You should just try and not allow “things” to control you. You can make music in a lot of different ways and you don’t need much to do it. It doesn’t take anything more than, in some cases, an iPhone. With a laptop and some simple software you can start to express yourself from a production standpoint. Everyone has a different situation. But at the root of it, people from all different kinds of backgrounds have managed to make and produce music. It’s important to remember that. You can do it if you want to. And if you’re good at it and if you work really hard, you can be successful. I’m not saying it’s easy. It’s not. Just try and remember that everything you do every step of the way is simply a learning lesson. It never stops being that way, no matter what. The same feelings you have when you start are feelings that follow you forever. You can always be better.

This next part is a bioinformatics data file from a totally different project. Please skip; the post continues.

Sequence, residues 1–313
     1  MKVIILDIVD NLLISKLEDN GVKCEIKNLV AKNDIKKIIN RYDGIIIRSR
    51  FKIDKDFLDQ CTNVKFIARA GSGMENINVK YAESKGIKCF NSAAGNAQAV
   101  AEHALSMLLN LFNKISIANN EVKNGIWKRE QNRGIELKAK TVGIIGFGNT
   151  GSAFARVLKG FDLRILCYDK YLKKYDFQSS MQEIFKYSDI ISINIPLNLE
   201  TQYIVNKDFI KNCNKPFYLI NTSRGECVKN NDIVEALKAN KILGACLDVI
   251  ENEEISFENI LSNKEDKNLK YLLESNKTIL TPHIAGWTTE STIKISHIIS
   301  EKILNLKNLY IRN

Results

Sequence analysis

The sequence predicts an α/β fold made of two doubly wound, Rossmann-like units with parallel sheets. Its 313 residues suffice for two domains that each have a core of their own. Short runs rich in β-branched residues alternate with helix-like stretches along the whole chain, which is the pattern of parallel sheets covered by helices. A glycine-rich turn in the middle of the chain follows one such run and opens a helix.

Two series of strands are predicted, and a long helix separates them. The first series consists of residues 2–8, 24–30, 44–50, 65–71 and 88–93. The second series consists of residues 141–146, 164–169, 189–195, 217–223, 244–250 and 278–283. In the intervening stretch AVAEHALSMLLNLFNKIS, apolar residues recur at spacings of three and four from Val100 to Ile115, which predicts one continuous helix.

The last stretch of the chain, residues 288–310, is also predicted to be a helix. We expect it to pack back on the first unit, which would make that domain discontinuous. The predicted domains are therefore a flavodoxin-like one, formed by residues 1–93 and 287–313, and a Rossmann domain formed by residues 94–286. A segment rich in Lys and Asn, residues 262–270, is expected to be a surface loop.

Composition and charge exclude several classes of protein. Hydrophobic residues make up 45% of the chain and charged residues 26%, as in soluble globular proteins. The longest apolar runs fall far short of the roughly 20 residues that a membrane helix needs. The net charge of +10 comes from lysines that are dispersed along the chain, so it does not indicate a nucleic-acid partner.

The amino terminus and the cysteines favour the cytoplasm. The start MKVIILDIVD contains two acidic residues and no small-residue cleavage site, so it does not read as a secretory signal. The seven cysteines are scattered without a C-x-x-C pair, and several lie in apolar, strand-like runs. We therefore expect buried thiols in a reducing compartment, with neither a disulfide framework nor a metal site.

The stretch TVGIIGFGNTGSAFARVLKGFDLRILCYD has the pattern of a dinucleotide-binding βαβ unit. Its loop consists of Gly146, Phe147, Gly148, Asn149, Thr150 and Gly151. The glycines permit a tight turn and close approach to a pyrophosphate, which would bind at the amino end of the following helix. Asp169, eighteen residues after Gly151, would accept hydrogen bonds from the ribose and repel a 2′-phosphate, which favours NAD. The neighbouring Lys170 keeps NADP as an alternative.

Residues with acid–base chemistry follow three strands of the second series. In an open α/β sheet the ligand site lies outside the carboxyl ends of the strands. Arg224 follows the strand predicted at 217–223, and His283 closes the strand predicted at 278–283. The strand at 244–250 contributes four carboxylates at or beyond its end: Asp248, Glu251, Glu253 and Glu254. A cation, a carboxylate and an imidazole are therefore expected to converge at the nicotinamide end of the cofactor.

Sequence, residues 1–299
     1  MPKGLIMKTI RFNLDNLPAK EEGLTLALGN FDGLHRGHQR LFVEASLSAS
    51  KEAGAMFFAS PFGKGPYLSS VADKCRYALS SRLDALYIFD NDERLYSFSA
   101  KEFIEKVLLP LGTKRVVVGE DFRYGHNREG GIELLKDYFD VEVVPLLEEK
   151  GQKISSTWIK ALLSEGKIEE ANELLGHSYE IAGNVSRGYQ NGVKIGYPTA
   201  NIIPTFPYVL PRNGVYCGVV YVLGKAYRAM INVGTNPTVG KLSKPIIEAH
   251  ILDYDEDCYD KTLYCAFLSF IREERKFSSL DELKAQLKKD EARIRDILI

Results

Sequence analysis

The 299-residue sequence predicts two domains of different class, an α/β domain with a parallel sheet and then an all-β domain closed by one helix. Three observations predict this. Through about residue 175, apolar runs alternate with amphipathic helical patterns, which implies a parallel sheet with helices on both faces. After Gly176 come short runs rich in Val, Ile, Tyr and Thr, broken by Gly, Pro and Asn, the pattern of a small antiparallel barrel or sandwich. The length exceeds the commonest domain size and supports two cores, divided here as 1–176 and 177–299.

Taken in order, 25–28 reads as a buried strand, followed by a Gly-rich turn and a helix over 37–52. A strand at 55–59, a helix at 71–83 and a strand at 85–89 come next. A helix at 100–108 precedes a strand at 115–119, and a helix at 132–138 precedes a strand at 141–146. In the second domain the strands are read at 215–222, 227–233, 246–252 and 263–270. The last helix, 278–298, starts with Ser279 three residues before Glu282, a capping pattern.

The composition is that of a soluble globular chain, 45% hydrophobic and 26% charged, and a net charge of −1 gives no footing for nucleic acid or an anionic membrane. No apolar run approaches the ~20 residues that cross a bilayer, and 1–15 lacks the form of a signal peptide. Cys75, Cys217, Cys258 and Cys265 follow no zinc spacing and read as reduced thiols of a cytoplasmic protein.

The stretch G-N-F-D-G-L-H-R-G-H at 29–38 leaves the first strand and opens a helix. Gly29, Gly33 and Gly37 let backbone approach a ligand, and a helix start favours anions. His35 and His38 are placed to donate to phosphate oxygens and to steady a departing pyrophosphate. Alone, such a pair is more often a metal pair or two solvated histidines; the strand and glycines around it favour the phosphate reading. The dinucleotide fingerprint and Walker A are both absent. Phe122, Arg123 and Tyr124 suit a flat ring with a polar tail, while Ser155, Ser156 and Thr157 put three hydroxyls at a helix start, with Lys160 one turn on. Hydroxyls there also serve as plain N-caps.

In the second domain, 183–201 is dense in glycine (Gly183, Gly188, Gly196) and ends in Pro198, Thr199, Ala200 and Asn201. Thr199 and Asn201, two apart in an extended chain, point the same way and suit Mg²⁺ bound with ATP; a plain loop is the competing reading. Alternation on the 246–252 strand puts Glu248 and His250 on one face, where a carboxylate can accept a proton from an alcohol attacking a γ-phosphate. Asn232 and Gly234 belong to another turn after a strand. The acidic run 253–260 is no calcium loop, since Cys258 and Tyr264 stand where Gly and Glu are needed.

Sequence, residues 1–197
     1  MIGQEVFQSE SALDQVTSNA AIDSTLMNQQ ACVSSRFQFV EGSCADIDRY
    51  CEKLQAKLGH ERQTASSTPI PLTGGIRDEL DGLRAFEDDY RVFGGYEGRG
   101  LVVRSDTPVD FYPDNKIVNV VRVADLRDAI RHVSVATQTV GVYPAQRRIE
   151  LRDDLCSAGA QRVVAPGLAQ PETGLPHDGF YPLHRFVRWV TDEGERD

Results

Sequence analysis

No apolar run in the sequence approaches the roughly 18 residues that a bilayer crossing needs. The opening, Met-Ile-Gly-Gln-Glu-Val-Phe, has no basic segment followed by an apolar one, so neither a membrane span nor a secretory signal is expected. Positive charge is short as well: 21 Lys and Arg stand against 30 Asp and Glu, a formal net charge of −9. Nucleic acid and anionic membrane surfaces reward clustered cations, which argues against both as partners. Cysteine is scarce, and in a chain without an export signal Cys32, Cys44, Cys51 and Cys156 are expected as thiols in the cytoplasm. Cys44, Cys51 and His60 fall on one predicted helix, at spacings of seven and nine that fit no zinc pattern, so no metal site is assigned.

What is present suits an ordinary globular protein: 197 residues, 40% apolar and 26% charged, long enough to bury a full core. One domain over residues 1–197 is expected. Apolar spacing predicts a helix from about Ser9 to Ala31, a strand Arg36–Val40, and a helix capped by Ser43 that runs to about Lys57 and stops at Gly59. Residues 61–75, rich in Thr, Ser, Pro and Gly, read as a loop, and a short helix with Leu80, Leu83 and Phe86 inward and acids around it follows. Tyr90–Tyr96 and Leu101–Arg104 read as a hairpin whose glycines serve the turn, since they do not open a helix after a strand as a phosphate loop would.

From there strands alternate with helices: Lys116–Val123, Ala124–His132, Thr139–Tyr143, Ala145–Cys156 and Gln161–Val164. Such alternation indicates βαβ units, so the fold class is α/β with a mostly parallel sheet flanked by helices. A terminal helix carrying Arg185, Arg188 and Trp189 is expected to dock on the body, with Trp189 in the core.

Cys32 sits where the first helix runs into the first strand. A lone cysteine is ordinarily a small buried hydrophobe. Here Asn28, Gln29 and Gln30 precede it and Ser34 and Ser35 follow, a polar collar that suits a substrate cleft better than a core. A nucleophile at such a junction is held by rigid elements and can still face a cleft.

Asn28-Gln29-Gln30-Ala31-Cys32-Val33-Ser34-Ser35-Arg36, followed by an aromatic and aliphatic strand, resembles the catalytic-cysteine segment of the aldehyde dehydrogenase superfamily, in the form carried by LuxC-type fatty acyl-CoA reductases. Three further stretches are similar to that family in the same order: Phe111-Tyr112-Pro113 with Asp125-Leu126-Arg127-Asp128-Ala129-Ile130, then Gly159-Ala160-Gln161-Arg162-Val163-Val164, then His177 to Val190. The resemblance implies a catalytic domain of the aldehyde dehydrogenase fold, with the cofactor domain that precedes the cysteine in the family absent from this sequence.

Essential Ariel Rechtshaid Productions:

Adele - “When We Were Young” (2015)

Sky Ferreira - Night Time, My Time (2013)

HAIM - Something to Tell You (2017)

Carly Rae Jepsen - “All That” (2015)

Vampire Weekend - Modern Vampires of the City (2013)